US solar company SunEdison claims to have come up with a way to produce polysilicon – a key ingredient for efficient solar panels – using a method that is far cheaper and more energy efficient than the current industry standard.
The company has predicted that the high pressure fluidized bed reactor (HP-FBR) solar technology, in action as of this week at its new joint venture facility in Korea, will provide source polysilicon to enable 400 watt peak PV panel performance at a cost of $US0.40 per watt peak by 2016.
As PV Magazine explains, FBR is a relatively new process through which polysilicon is deposited when monosilane gas mixes with silicon seed particles in a reactor, in a continuous process. It offers an alternative to the electricity-intensive Siemens method, which has dominated the industry for decades. It also requires less land and less capital per kilogram of product.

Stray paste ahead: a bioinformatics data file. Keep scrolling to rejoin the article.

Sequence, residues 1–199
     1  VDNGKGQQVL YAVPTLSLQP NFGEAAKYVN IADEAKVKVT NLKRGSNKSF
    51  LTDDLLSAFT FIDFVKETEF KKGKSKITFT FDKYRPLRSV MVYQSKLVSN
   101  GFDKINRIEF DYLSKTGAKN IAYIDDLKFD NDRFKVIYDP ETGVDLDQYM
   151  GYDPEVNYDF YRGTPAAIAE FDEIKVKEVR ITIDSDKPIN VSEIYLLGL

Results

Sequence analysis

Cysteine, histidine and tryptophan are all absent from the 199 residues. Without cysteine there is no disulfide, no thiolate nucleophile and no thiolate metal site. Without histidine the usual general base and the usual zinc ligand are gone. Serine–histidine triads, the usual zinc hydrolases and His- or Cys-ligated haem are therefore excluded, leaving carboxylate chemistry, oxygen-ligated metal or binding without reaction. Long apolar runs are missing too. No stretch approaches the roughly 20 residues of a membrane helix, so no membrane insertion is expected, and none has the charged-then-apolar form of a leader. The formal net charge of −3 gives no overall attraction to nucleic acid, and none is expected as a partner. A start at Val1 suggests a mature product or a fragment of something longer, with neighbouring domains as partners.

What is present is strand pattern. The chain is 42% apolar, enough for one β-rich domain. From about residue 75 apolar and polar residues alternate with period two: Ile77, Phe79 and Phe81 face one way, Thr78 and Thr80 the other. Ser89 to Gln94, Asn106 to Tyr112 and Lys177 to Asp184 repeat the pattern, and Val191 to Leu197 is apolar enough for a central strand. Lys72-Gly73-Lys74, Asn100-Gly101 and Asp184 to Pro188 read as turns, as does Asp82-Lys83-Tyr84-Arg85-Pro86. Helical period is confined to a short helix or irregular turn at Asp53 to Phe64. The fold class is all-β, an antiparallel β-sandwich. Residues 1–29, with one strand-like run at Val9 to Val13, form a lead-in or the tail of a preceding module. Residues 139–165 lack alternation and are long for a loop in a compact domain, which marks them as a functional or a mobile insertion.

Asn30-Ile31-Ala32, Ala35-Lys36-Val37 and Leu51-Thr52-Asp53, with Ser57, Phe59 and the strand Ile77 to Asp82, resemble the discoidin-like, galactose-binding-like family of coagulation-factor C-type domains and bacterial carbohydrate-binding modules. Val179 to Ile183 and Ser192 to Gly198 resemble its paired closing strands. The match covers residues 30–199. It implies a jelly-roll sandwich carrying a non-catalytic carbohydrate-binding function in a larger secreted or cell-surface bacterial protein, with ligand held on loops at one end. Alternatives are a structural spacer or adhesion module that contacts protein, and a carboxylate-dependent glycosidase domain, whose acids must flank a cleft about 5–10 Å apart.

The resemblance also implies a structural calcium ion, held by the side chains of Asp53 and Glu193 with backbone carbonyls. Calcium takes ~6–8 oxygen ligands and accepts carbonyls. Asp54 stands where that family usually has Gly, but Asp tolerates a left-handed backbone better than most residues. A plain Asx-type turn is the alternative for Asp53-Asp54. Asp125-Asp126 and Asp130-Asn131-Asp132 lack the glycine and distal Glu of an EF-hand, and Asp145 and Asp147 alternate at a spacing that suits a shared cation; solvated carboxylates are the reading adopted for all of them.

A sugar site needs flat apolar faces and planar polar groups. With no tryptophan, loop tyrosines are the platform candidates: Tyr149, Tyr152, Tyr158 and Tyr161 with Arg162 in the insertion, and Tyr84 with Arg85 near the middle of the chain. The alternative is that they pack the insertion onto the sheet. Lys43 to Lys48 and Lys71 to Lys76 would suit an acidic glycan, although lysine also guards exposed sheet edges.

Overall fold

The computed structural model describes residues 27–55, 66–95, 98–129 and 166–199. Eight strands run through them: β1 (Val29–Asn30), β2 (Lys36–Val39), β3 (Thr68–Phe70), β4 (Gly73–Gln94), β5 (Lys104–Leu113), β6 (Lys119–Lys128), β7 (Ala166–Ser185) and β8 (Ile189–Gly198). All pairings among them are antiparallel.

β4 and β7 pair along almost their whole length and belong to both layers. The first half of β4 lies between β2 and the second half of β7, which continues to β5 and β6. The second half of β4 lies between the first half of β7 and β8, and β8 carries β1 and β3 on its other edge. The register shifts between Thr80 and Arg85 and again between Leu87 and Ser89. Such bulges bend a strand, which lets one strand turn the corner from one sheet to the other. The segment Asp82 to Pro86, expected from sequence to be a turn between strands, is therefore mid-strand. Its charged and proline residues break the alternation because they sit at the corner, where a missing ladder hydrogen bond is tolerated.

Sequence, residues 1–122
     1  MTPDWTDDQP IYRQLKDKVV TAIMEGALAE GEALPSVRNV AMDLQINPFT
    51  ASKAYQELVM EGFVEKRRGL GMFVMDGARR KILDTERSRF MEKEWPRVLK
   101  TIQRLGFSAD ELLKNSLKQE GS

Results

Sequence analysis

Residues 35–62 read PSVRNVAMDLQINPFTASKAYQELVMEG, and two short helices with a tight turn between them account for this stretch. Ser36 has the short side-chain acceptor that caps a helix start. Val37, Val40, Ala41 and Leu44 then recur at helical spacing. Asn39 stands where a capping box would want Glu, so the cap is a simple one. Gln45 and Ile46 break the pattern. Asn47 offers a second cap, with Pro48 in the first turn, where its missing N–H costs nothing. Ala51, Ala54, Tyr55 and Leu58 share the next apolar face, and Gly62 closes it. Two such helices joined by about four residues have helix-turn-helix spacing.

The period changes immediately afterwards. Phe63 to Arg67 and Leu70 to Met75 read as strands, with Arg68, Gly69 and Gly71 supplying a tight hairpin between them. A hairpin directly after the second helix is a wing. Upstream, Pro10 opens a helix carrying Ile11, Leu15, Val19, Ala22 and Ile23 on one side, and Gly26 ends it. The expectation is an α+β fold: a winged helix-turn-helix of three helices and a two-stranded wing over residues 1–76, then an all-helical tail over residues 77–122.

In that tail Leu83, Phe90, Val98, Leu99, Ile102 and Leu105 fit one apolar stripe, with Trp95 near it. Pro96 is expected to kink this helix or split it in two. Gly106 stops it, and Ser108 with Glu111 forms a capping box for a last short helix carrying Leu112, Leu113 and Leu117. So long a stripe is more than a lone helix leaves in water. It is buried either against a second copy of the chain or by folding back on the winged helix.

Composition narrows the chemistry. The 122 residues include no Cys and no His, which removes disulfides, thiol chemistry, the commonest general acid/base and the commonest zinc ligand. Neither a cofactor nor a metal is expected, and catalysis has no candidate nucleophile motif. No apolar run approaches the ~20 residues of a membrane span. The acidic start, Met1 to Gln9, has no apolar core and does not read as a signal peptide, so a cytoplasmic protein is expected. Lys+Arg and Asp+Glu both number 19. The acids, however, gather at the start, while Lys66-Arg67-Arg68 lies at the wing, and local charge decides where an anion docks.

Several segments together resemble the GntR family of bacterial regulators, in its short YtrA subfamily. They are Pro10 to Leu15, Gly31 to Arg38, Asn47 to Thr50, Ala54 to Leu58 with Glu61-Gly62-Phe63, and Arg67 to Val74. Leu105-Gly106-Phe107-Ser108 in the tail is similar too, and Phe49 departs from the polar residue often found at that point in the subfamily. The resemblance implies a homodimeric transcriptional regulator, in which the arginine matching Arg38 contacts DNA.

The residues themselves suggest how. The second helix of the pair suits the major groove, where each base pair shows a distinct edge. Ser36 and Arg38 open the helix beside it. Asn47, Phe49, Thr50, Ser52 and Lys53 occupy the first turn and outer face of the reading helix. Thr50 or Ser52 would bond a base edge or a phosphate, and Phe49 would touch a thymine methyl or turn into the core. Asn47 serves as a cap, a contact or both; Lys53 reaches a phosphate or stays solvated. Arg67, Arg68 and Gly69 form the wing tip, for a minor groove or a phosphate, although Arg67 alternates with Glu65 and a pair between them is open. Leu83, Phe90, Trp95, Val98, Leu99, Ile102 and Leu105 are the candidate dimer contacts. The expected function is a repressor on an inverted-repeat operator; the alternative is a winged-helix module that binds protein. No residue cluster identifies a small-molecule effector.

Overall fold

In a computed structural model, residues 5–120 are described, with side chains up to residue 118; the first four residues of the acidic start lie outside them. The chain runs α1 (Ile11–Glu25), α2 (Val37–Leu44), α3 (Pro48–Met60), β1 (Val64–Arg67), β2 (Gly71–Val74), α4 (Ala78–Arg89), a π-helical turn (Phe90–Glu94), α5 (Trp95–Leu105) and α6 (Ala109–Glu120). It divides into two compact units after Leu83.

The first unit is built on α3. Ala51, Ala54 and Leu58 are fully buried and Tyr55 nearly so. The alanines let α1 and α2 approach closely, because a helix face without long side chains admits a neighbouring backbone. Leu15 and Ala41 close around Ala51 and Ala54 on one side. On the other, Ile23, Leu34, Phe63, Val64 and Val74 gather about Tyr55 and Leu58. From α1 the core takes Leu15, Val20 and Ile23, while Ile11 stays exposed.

The HP-FBR technology developed by SunEdison claims to produce high purity polysilicon 10 times more efficiently than standard Siemens processes, while requiring 90 per cent less energy consumption.
SunEdison predicts that, from these cost savings, it can bring the cost of polysilicon down to US$0.05 per watt by 2016 using its FBR technology, which translates to under $10 per kilogram.
“Solar energy is at a transformational moment in time and innovative technology is what will power that transformation,” said Ahmad Chatila, CEO of SunEdison.
“Our latest advance is a leap forward in solar technology and will enable solar power to become the lowest cost energy solution – not just an alternative to other renewables, but the cost-winner over fossil fuels as well.”
The company also noted that with the ramp up of the new polysilicon plant in Ulsan, Korea with partner Samsung Fine Chemicals and operated with SunEdison Semiconductor the facility had been expanded to produce 13,500MT per annum, compared to the initial designed capacity of 10,000MT.
Full capacity of the plant – a joint venture with SunEdison Semiconductor and Samsung Fine Chemicals – is expected to be reached in the first quarter of 2015, at which point the companies expect it to produce up to 13,500 metric tonnes annually.
The plant will supply Huntai Group with polysilicon for PV modules and projects, under a partnership announced in June.